The Little Regent by Yewande Daniel-Ayoade & Ken Daley

Abioye is only eight years old when her father, the king, suddenly dies. As per Yoruba tradition, if the king dies without a son to take his place, his daughter will rule as regent for three months, until the village chiefs can select three men to nominate for kinghood. The villagers will vote on these nominees and select a new leader from among them.

Even with the power of kingmaking in their hands, the chiefs aren’t thrilled at being led, even if only for a short while, by such a young girl. In all honesty, Abioye isn’t herself sure about what she’s supposed to do now. Serious and responsible, she wants to be a good leader, but isn’t sure how. Her mother reminds her of her father’s philosophy: Those who will rule must first learn to serve.

And so Abioye applies herself to watching and listening, so that she can learn how best to serve her people. She quickly discovers that merely sitting in on palace meetings with the chiefs feels less useful than bureaucratic, as they talk about taxes, treaties and other subjects that go over her head. So she begins spending time with her subjects, listening to their concerns and learning what it is they need in order to make their daily lives better. Gradually, she implements improvements that make her subjects happier and more prosperous.

Unsurprisingly, this does not make her any friends among the village chiefs, especially when she overrides their opinions to get the villagers what they need. When the chiefs decide to force her out of her position, will she be able to continue to serve her people?

As thoughtful as Abioye herself, this book is an outstanding look at leadership and responsibility. As it’s aimed at children, there are definitely subjects that are elided (taxes and treaties are important after all!) but overall, the core lessons of humility, listening and acting with purpose are very valuable leadership lessons for the youth. Heck, they’re valuable lessons for anyone with an interest in assuming a leadership position. I did think there was a missed opportunity at the end to further underscore how laws should originate from the governed, given the emphasis near the beginning on the rule of law, but appreciate very much the lessons that this book does impart.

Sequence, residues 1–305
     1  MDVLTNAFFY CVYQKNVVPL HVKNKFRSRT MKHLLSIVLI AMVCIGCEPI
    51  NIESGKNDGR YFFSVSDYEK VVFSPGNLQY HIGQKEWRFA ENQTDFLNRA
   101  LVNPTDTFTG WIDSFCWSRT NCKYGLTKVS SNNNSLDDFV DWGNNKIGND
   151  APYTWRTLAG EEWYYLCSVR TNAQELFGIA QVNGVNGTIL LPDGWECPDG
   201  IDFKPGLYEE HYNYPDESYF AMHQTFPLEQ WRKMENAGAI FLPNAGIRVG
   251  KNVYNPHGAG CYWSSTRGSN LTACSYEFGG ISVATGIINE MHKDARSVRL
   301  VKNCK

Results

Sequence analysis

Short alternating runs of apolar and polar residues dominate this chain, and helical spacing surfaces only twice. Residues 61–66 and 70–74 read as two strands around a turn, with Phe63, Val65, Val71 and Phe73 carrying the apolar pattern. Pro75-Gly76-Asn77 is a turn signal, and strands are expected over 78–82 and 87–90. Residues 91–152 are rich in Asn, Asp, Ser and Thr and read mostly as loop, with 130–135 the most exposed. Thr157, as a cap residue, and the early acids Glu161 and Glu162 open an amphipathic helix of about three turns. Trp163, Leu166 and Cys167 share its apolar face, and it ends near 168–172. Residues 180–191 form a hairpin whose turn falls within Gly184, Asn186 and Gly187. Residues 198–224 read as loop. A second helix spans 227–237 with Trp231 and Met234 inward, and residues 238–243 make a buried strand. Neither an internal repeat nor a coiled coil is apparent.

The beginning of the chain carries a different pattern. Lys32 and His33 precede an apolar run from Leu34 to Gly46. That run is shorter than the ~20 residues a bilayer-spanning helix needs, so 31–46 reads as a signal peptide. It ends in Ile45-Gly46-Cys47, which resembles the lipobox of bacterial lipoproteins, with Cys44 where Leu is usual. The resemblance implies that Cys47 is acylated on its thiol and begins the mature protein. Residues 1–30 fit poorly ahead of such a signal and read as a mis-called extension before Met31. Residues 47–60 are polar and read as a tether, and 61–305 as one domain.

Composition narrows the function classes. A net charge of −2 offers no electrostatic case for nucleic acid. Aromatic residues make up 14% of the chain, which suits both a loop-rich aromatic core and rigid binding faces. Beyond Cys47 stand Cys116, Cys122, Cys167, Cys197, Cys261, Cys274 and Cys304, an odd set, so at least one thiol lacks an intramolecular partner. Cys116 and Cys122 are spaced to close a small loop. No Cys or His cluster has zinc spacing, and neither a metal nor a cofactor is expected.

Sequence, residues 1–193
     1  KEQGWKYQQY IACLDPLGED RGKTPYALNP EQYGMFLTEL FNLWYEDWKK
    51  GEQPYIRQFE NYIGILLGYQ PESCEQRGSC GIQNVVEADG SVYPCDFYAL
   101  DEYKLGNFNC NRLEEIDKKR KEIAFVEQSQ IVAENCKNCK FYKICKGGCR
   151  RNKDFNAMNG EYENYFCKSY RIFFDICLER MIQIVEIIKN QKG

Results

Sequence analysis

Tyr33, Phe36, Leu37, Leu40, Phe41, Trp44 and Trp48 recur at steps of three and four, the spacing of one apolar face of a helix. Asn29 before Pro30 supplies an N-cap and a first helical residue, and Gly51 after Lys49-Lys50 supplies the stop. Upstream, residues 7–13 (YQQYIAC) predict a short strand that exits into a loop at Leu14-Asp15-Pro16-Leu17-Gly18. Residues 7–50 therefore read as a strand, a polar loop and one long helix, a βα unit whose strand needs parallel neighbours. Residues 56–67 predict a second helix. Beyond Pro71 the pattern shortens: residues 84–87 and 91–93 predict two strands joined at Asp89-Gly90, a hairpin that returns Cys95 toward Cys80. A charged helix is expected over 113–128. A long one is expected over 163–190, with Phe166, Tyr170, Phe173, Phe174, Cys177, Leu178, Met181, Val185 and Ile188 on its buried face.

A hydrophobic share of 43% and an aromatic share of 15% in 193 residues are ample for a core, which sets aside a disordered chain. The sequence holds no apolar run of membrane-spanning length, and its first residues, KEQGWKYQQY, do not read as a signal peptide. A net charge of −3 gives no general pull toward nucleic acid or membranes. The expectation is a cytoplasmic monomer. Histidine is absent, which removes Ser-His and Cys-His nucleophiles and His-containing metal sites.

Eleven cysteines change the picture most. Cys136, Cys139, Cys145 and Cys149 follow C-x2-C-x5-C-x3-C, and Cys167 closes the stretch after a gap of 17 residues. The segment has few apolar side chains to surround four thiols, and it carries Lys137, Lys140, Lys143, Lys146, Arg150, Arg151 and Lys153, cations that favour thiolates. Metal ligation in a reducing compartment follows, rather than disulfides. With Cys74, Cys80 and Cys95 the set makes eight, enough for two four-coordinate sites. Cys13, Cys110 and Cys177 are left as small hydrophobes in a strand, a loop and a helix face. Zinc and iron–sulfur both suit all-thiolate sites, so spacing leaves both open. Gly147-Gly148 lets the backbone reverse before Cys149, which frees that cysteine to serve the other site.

Another one of those lessons is on the importance of feminism, as Abioye is discriminated against not only because of her youth but also because of her sex. Her detractors wish to ignore her good ideas simply because of who she is. As this is a children’s book, she ultimately overcomes the naysayers, an inspiring achievement which author Yewande Daniel-Ayoade likens to the accomplishments of actual women in Yoruba history.

Illustrating all this is the bright, evocative art of Ken Daley. His aren’t the most sophisticated of children’s illustrations, tho his work definitely captures the vibrancy of Yoruba village life and culture. His colorwork is especially arresting, with blues subtly dominating the palette in a way that reflects the seriousness of the story, counterbalancing the reds and yellows that infuse warmth and emotion throughout.

This is a great addition to any child’s library, especially when it comes to inculcating not only lessons in leadership, but also in the folly of discrimination. Super bonus points for highlighting a traditional African culture in the process.

The Little Regent by Yewande Daniel-Ayoade & Ken Daley was published March 12 2024 by Owlkids and is available from all good booksellers, including

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